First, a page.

Wasp mantidflies (Climaciella brunnea) are delicate, slender insects that are a little over an inch long. With their yellow and brown striping, triangular-shaped heads and raptorial (grasping) forelegs, they look like a cross between a praying mantis and a paper wasp. However, despite their appearance and name, they are neither wasp nor mantis. They belong to an entirely different group called the Neuroptera, or nerve-winged insects — which includes the lacewings, owlflies, antlions, and others.
What does it eat?
Adults are generalist predators, and feed on smaller insects, including other mantidflies. They use their forelegs to grasp and hold their prey as they eat, much like a praying mantis. They also feed on nectar and tree sap.
Larvae are parasitoids of spiders. Adult females lay individual eggs at the ends of short silken stalks on the underside of leaves (as many as several thousand). The eggs hatch and each tiny larva waits for a passing spider. The larva readily boards a passing spider, where it rides around, subsisting on the spider’s blood until the spider lays an egg sac. The tiny larva crawls off the spider and into the sac as the eggs are being laid. Once securely inside the completed egg sac, the larva will feast on the spider eggs until it pupates. A single wasp mantidfly develops within the egg sac. Their life cycle takes about a year to complete.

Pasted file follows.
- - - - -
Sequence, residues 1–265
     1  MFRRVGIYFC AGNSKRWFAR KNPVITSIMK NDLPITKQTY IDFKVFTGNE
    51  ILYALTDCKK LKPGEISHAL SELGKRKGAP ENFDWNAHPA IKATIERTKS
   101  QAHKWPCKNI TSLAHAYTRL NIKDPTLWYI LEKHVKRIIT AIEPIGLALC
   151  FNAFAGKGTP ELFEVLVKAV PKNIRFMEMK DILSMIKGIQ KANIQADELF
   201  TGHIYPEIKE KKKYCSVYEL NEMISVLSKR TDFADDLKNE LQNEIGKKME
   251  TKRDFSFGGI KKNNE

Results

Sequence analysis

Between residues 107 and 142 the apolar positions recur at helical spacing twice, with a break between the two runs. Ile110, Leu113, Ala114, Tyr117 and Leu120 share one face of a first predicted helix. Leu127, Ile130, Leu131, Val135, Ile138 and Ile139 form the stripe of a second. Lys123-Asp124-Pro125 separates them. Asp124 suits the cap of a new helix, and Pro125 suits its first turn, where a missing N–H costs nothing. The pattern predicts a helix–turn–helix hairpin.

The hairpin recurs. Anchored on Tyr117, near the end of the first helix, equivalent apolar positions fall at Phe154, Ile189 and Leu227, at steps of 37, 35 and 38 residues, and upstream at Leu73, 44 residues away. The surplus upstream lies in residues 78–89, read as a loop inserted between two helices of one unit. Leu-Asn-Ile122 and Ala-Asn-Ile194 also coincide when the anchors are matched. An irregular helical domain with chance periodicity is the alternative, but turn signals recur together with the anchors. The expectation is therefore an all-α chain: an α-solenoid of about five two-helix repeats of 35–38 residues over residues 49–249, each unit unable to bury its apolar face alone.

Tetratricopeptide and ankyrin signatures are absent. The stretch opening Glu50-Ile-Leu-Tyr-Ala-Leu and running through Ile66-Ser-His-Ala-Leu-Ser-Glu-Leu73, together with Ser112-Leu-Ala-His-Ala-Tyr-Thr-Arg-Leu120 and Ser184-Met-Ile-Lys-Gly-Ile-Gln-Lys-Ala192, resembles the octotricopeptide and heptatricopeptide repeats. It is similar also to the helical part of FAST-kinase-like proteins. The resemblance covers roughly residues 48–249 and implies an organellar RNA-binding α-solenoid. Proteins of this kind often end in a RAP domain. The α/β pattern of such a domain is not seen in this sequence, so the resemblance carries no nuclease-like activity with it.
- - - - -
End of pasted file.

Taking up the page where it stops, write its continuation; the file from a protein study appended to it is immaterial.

Where and when you find them?
These insects are found across the US, north into Canada, and south into Mexico. Adults emerge in late spring and inhabit lightly wooded areas with open edges and are commonly found on vegetation and flowers. Males are short-lived and are typically only found in spring. Females live longer and can be found later into the summer.
Importance to Minnesotans
Wasp mantidflies are generalist predators as adults and won’t have an impact on any specific group of insects; but in areas where they are common, they will reduce spider populations because entire spider egg sacs are consumed.
Adults are similar in size and coloration to paper wasps. When disturbed, they will move their abdomens in a pumping-motion that resembles an aggravated wasp preparing to sting. They will also spread their wings, lean forward, and position their abdomens upward while continuing to throb in a stinging motion. They do not possess a stinger. When an otherwise harmless species mimics the physical attributes of a dangerous species — this is called Batesian mimicry.
Praying mantises are members of an unrelated order, the Mantodea. The characteristic raptorial forelegs and triangular heads with large eyes of each group developed separately; meaning mantidflies and praying mantises each independently evolved similar characteristics from different ancestral lineages. This is called convergent evolution.
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